Former mental health nursing student, Chris Taylor, has won the 'Life Changing Learning Award', one of a suite of awards organised by Health Education North West as part of Adult Learners' Week.

Studying the OU’s nursing course meant juggling his support worker role with being a student nurse, studying hard and completing practice learning placements. It was a tough ask – but Chris was motivated by the end goal of being a qualified mental health nurse. Chris was an enthusiastic and committed student who seized the opportunities open to him. He successfully completed his training with a Diploma in Mental Health Nursing and now works in his NHS Trust as a mental health practitioner with older people on an inpatient unit in Tameside.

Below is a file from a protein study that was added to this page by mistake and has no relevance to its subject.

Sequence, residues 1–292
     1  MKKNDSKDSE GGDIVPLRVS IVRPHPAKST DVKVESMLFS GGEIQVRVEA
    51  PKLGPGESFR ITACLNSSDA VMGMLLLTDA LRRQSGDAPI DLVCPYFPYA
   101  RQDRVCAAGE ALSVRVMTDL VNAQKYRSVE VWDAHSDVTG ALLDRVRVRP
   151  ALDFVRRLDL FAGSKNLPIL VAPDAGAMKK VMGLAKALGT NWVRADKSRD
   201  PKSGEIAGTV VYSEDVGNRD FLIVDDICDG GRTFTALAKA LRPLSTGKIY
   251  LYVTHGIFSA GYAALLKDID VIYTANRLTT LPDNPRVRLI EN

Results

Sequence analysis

Chris explains:  'If it wasn’t for the OU I would still be a support worker and though I enjoyed that, without a qualification there could be no career progression. I would never have left my job to go to a brick uni as I was working full time and wouldn’t have been able to afford to give up my salary to be a student. The OU gives you the chance to do both and I now plan to build a long and rewarding career in mental health nursing. My tutors were absolutely excellent, especially my practice tutor Dr. Claire Chatterton.'  

Qualifying as a nurse transformed Chris’ life; through his practice he strives to transform the lives of the patients/ service-users he supports. Chris was presented with his award at a celebratory evening on the 11th June.

Our news archive is available here